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To Flame or Not: Czech Absinthe Hits the US

During the past 20 months TTB has approved several dozen absinthe brands. Almost all are produced in Switzerland, France, and the US — points west of the Czech Republic. Above shows two of the earliest-approved products made in the Czech Republic, approved a few days ago. This is significant due to a long rivalry between Czech and non-Czech absinthes. The Czech products are somewhat different, and these Stromu products show it well:  they have added flavors rather than herbs added before the final distillation; the proof is somewhat higher; Djabel suggests lighting the product on fire (back label). The latter is frowned upon by most other producers, to put it mildly. We would also expect many absinthe brands to fight over the trademark rights to the Green Fairy name; this term has long been applied to numerous absinthes all over the world. Here is a list of the first 20 or so absinthe products approved for US sale.

This also shows the massive leadtime sometimes required to bring an alcohol beverage product to market in the US. For Djabel: the importer got formula approval on July 11, 2008 (see item 11 on Djabel COLA); the importer probably applied for formula approval 1-2 months earlier, in May or June of 2008; TTB rejected a label submitted on August 8, 2008 (see item 18.d.); the importer resubmitted the label on September 3, 2008 (see item 20); and TTB finally approved the label on October 23, 2008 (see item 23). This is 5-6 months of hard work with many opportunities for missteps.

Finally, this well demonstrates the recurring trend, to portray alcohol beverages and especially asbinthe as sinful. Djabel’s back label says:

Djabel means “devil” in Czech. … During the dark-ages Bohemian “witches” and pagan worshipers used potions distilled from local herbs including wormwood (artemisa absinthium) as healing tonics and for social rituals. … please serve responsibly the traditional way by flambeing sugar in a spoon …

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7 Responses to “To Flame or Not: Czech Absinthe Hits the US”

  1. October 28th, 2008 at 10:47 am

    Alan says:

    Interesting post. I try to keep a more up-to-date list of absinthe approvals here:

    http://realabsinthe.blogspot.com/2008/07/list-of-absinthes-approved-for-us.html

    and I currently make it 29 approved and about 12 in process.

    There has been some discussion on the Djabel label at the Wormwood Society:

    http://wormwoodsociety.org/forums/index.php?s=&showtopic=3463&view=findpost&p=150245

  2. October 28th, 2008 at 10:47 am

    John says:

    Here is another Czech absinthe approved earlier this month – St. Antoine. Some online discussion tends to suggest it is made in the traditional manner.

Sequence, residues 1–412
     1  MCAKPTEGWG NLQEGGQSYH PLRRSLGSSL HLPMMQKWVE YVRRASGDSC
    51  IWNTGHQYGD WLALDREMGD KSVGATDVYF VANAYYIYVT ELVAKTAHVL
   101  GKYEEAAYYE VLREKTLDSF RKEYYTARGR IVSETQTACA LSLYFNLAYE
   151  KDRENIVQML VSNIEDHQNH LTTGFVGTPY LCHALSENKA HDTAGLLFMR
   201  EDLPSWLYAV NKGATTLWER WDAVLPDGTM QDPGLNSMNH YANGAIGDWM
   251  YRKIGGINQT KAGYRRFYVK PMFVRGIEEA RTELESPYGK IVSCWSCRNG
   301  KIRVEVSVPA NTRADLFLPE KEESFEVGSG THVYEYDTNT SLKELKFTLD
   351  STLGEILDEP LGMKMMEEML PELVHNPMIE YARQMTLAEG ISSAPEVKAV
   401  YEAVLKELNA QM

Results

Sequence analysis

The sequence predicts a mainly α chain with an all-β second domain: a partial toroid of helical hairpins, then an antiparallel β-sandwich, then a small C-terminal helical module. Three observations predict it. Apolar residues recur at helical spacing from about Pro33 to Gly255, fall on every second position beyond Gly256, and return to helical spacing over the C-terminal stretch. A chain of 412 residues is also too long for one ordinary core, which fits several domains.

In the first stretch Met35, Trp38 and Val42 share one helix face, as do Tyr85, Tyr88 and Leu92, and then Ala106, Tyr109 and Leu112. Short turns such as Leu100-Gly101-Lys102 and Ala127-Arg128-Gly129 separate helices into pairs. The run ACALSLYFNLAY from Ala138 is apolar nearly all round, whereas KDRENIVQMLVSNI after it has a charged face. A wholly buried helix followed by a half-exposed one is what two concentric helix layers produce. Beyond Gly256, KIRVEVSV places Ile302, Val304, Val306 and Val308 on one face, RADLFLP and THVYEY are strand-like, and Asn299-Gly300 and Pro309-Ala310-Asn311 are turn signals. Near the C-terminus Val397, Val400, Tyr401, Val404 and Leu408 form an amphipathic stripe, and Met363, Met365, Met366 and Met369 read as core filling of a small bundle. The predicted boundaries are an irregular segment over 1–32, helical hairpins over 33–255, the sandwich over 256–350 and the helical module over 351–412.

3. October 30th, 2008 at 8:28 am

    Brian Robinson says:

    I have no idea how the TTB could approve a label that endorses the ignition of a 140 proof alcohol. Stromu has never been a highly regarded product.

    Just a note on the St. Antoine: I had the chance to try the original batch. It was flawed, but showed huge promise. From my discussions with the producers, the flaws have been fixed. I’m excited to see it come to the states. It presents an opportunity to create a revolution in the Czech absinth scene by demonstrating that a truly enjoyable product can indeed come out of that region.

  4. October 31st, 2008 at 12:11 pm

    Alan says:

    And now 31 approvals with Nouvelle-Orléans at last and Vieux Carré (interesting to have two NOLA-related COLAs in one week).

    Or maybe down to 30, since the TTB approval for Libertine seems to have expired. What does that mean?

  5. October 31st, 2008 at 12:26 pm

    admin says:

    Here is Libertine: https://www.ttbonline.gov/colasonline/viewColaDetails.do?action=publicFormDisplay&ttbid=07360001000044. It expired on August 6, 2008 because the main label mentions flavors plural and the neck label refers to flavor singular. So TTB gave them four months to fix it and re-apply. Alan do you find a new one dated after August 6? We don’t. But if they brought in a lot of cases before August 6, they would be in good shape until they need to import more.

  6. October 31st, 2008 at 12:44 pm

    Alan says:

    I don’t see a new Libertine, but then I don’t see a COLA for Pernod Absinthe either!

  7. February 16th, 2009 at 12:26 am

    Absinthe says:

    I am very happy that I found your blog. Keep up the good work.

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